ed muses upon


Herding Cats

One of the challenges in coordinating activities in a volunteer group of professionals is that of empowering professionals properly, so that the energy and work are focused properly and achieve the desired objectives. This becomes increasingly so when discussing several such volunteer groups that are just starting to coordinate objectives and processes. Indeed, it’s probably fair to refer to it as herding cats.

But I am firm believer that the key to addressing a challenge remains in understanding why the challenge exists in the first place. In this case, the challenge exists for two reasons:

1) PSGs are comprised of professionals in transition. Therefore, activity is in some measure inversely correlated to the economy–that is, a strong economy = less PSG activity and vice versa–and therefore, members land jobs, the critical mass of people needed to maintain a group’s activity is potentially threatened.

2) No matter how effective or over how long, most PSGs have had bouts of inactivity, and whatever practices or institutional knowledge was built-up prior was then lost.

So now that the why is understood, how can this be addressed and avoided going forward?

The nature of the group cannot be changed: a group of professionals helping one another find their next jobs is by definition going to be composed of job seekers. But this time, we are making sure that does not happen again by making sure we leave records of our institutional knowledge. We are establishing independent online presences such as web sites, social media and LinkedIn groups. We are coordinating with one another to share, establish and document best practices. And most importantly, we are creating succession plans so those who follow us need not reinvent the wheel.

I have long felt that the best legacy any member of an organization can leave is a method or process that remains in use thereafter.

I feel very good about what ours will be.


Staying Focused: Paying It Forward

If you were to see me at a networking event, I would strike you as a fairly sociable sort. When I attend networking events, I really get a charge out of meeting someone I don’t know…these days. The majority of such meetings are larger groups than I prefer, but I tend to do fairly well with them.

The funny thing about all of this is that even a few years ago, I would have described myself as shy and afraid of public speaking.

Shyness isn’t exactly uncommon, and fear of public speaking might with some justice be said to be a pandemic: according to WebMD, public speaking is the single most common fear in the US.

Now, reading this column will not make you a better public speaker—although this link might be helpful in getting you through it. Instead, I want to share with you a technique that gets me over my own anxiety.

And it’s very simple: by paying it forward.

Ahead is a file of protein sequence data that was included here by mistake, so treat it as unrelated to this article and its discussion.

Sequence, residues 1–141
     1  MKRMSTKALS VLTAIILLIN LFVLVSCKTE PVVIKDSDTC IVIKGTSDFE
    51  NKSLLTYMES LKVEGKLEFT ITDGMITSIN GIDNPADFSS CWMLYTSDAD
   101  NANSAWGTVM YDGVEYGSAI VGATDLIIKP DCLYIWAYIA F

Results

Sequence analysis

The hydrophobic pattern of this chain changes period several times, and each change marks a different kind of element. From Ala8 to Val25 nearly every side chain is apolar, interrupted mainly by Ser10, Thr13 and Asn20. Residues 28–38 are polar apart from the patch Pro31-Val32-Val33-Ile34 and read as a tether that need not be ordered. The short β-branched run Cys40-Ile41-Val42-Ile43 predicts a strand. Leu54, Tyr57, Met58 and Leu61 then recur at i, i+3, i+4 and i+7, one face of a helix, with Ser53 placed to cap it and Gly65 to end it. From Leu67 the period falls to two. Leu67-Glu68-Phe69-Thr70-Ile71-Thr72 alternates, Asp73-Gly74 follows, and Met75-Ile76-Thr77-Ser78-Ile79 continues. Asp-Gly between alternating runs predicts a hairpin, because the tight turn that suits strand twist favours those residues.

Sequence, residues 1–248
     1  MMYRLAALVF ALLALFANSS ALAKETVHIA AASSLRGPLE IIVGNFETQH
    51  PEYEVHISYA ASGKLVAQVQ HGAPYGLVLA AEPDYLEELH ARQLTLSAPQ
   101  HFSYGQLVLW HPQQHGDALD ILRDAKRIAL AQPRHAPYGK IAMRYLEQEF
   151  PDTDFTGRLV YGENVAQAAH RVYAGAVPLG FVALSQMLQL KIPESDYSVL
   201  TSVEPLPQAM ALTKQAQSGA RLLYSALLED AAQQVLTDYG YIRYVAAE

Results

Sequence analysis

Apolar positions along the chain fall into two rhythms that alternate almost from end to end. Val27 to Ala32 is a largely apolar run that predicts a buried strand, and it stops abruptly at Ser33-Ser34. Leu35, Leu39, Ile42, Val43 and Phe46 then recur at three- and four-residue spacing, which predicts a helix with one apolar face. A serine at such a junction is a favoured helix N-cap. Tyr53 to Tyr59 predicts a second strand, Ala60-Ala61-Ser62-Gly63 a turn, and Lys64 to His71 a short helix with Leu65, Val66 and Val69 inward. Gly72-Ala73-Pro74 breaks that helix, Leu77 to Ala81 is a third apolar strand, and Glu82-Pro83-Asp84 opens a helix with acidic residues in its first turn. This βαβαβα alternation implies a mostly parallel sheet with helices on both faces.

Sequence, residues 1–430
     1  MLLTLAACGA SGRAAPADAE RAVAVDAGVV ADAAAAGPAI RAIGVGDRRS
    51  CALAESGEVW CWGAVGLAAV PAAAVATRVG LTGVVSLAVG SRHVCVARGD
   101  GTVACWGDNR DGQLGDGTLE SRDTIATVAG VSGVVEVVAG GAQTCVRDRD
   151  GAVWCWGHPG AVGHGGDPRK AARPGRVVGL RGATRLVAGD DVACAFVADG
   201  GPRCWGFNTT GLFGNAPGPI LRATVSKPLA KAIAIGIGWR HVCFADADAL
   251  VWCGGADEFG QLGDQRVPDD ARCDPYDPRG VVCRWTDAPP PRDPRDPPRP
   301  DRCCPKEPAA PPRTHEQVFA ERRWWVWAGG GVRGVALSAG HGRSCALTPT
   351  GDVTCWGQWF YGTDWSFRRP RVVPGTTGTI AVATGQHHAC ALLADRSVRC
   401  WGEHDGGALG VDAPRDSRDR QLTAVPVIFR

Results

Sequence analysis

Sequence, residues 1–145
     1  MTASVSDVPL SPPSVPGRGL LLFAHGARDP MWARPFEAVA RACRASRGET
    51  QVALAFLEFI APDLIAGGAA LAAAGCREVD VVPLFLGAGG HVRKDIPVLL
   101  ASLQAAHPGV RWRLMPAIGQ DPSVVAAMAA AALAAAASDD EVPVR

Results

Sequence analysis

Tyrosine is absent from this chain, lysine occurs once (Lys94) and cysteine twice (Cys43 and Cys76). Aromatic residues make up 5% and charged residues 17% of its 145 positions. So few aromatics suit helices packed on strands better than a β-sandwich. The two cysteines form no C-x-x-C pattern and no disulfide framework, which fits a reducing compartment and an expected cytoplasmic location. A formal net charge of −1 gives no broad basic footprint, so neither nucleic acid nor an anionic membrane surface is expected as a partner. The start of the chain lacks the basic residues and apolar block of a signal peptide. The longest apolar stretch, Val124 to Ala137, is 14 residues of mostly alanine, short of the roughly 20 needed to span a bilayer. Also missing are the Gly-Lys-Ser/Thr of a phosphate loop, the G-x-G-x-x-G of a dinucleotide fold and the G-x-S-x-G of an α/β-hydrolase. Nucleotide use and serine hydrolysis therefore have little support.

That might sound glib, but it’s honest…and true. It’s taken a while to understand this, but I realized that yes: I do have something worthwhile to add to a conversation going on around me. And so do you.

What changed for me was entering conversations with the honestly and sincerely-held intention of trying to help someone overcome whatever challenge he or she was facing. While it’s true that this isn’t always an objective that can be realized, in the vast majority of cases, it can be. We all know other people who are employed, and we might even know hiring managers who have a need but don’t know of suitable candidates. We can certainly all add value to someone else’s job search.

And let’s not pussy foot around the fact that job search can be exceptionally discouraging. For my part, I spent the first six months of my own job search not getting anything more than an automated “thank you” for applying for a job. I didn’t get so much as a single “we’re going another direction, thank you” response in that entire time—never mind an interview.

When I can genuinely help a fellow job seeker, that’s positively huge! There is such a dearth of interaction in applying for jobs—it can be incredibly discouraging. Being able to be helpful to someone gives you a measure of control you might have difficulty finding otherwise. Indeed, if I am able to help someone else in their search, I consider it a pretty big win.

Knowing that you were able to help someone else in their job search is a great feeling. I cannot state this strongly enough: helping a fellow job seeker is incredibly valuable.

It is valuable, neither because it gives you a sense of accomplishment—although it certainly does that—nor because that person might then be inclined to help you, although that too might also be true. It isn’t even that positioning other people to help you by helping them land a new job is good, even though this too may be true.

No, it is incredibly valuable because it empowers us. Without that, it would be all too easy to curl up in a corner and not emerge for days at a time.

At the end of the day: paying it forward helps you stay focused on the big picture: landing your next jobs.

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